Senning [left], Elmqvist & Crafoord, 1954.
|Born||14 September 1915
|Died||21 July 2000
|Known for||Implanting the first pacemaker
University Hospital Zurich
Åke Senning (14 September 1915 — 21 July 2000) was a pioneering Swedish cardiac surgeon, who implanted the first human implantable cardiac pacemaker in 1958, invented the Senning operation, and contributed to many other advances.
Senning was influenced to become a cardiovascular surgeon when during his training, he heard of Clarence Crafoord's operations to repair coarctation of the aorta. He trained under Crafoord from 1948 to 1956 in Sabbatsberg Hospital, where he and the doctor turned engineer Rune Elmqvist developed the first totally implantable pacemaker. From 1956, Senning led the Department of Experimental Surgery at Karolinska Hospital. In 1957 Senning performed the first repair of a common congenital heart malformation called transposition of the great arteries or TGA. He made history on October 8, 1958 by implanting the first pacemaker. Although this first device lasted only a few hours, it proved the feasibility of the procedure and opened the way to a new field in the area of device therapy. In 1961, Senning became head of the Department of Surgery at the University of Zurich and in 1969 he performed the first heart transplant in Switzerland. He retired in 1985 and died in 2000 at the age of 84.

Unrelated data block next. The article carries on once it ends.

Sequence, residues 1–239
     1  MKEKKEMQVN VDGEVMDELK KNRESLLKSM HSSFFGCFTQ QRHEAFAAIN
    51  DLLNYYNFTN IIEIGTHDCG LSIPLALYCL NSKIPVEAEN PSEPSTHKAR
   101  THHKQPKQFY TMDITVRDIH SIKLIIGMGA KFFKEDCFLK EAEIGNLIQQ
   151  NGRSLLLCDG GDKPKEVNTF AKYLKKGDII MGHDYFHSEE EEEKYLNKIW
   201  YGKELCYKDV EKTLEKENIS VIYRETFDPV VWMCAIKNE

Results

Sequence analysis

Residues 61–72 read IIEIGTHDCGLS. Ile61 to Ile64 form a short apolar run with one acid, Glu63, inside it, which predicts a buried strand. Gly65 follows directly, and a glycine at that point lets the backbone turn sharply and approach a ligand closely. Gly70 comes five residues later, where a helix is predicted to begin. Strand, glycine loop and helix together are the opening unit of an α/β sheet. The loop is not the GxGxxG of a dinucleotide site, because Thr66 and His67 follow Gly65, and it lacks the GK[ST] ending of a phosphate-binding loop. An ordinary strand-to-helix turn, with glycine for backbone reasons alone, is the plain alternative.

a biography and interviews from the Heart Rhythm Society
- Konstantinov, Igor E.; Alexi-Meskishvili, Vladimir V.; Williams, William G.; Freedom, Robert M.; Van Praagh, Richard (2004), "Atrial switch operation: past, present, and future" (PDF), The Annals of Thoracic Surgery 77 (6): 2250–2258, doi:10.1016/j.athoracsur.2003.10.018, PMID 15172322
- Cooley, D.A (2000), "In Memoriam: Tribute to Åke Senning, Pioneering Cardiovascular Surgeon", Texas Heart Institute Journal 27 (3): 234–5, PMC 101071, PMID 11225587